Two years ago, at a meeting of this society, I reported six cases of arachnodactyly in two families. Through the courtesy of the surgeons of the Brooklyn Eye and Ear Hospital and their assistants, nine more cases will be added. The new cases have not explained the origin of the condition, but hereditary influences are more certain. Perhaps the best way to present this matter will be to describe the new cases and summarize briefly the points that they emphasize.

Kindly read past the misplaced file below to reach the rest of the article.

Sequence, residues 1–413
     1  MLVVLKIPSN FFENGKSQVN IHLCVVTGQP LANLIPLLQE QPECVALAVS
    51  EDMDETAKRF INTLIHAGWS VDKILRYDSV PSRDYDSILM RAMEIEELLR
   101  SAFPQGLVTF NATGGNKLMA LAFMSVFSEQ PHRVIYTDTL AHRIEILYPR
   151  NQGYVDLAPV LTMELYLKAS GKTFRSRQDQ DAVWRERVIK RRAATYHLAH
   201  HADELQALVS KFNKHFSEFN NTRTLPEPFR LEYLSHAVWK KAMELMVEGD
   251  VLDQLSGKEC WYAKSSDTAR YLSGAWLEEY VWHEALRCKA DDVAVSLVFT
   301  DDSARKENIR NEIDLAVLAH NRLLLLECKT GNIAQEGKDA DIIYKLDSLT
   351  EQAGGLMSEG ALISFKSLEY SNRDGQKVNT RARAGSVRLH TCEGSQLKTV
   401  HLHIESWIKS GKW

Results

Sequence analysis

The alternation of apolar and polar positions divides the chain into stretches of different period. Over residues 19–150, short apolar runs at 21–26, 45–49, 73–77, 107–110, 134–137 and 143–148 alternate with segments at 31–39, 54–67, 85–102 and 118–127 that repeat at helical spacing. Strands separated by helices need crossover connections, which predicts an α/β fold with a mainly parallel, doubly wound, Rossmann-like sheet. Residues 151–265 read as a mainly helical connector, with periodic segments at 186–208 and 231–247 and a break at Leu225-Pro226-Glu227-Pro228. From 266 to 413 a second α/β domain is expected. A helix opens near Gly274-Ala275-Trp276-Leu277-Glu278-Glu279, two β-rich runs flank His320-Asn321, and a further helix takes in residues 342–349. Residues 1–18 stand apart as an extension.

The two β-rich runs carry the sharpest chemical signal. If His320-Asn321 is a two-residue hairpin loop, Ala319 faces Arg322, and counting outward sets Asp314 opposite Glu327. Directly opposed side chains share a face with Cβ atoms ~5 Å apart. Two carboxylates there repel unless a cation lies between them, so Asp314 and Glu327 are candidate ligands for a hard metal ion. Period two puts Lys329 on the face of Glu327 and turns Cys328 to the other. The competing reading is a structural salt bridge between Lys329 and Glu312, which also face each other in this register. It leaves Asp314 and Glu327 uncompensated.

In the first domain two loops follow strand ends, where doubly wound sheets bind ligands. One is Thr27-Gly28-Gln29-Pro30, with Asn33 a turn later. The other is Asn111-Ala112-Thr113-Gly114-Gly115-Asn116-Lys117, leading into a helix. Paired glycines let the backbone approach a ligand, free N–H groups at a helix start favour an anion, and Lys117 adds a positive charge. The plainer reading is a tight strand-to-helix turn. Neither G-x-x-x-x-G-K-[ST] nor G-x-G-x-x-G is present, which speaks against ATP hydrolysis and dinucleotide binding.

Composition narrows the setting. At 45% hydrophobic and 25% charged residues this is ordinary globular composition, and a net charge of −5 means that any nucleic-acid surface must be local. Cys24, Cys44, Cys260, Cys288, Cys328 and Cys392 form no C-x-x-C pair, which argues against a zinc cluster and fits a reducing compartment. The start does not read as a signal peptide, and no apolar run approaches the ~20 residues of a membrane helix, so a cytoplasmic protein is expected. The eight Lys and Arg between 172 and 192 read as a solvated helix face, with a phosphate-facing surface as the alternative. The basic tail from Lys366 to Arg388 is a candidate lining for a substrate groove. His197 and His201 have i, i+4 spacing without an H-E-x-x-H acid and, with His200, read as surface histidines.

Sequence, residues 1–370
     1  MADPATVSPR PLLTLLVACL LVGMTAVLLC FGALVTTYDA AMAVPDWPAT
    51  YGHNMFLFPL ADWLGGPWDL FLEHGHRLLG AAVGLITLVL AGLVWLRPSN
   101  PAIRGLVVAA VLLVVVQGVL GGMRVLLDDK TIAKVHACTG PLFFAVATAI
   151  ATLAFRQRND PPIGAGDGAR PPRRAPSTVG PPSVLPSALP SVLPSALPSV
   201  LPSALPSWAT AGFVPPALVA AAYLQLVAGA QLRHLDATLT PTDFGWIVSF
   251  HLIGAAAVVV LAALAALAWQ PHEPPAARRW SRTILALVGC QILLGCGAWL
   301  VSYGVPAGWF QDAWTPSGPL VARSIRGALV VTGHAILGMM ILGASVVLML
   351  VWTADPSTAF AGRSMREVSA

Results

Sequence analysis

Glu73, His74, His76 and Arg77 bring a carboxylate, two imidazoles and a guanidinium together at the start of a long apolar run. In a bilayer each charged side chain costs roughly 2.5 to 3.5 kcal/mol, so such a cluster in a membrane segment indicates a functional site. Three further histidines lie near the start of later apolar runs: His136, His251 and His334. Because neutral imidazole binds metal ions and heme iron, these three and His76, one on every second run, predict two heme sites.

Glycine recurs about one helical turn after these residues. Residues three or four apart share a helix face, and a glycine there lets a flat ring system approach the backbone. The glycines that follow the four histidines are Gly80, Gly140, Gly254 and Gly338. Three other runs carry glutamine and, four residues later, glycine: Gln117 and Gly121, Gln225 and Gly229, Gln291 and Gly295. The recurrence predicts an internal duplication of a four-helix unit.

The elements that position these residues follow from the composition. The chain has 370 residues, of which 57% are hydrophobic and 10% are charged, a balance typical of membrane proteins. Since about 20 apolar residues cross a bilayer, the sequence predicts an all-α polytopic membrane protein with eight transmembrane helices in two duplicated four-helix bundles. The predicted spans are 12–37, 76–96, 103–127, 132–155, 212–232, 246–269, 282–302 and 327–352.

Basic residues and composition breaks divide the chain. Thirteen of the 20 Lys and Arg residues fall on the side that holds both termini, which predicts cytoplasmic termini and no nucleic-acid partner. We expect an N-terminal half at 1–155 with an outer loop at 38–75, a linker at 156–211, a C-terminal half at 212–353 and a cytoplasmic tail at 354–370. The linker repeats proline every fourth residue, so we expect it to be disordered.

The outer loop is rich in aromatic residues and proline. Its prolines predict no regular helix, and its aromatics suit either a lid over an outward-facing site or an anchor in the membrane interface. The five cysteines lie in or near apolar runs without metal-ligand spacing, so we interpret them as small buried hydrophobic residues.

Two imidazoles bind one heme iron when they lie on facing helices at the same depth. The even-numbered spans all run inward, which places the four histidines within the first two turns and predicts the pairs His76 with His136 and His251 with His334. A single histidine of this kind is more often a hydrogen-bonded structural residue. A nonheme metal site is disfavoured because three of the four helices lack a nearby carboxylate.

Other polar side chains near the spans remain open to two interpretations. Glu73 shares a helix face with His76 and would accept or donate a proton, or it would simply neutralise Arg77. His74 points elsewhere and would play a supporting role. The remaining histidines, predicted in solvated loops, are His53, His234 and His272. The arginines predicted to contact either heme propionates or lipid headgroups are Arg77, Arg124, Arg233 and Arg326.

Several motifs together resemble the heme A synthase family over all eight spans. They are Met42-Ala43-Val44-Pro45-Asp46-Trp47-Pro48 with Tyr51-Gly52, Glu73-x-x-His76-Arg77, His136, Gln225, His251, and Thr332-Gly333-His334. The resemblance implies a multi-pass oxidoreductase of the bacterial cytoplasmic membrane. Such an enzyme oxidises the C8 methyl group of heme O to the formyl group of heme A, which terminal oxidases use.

REPORT OF CASES
Case 1.—David B., aged 15, from Dr. Place's clinic, had vision of counting fingers at 6 feet (1.8 meters), but by holding print close to an eye with a little study he could read ordinary print in a surprising manner. Both corneas were smaller than normal, but I did not measure them. The tension (according to the new Schiötz scale) was 18 mm. in one eye and
LLOYD RI. A SECOND GROUP OF CASES OF ARACHNODACTYLY. Arch Ophthalmol. 1937;17(1):66–77. doi:10.1001/archopht.1937.00850010078005
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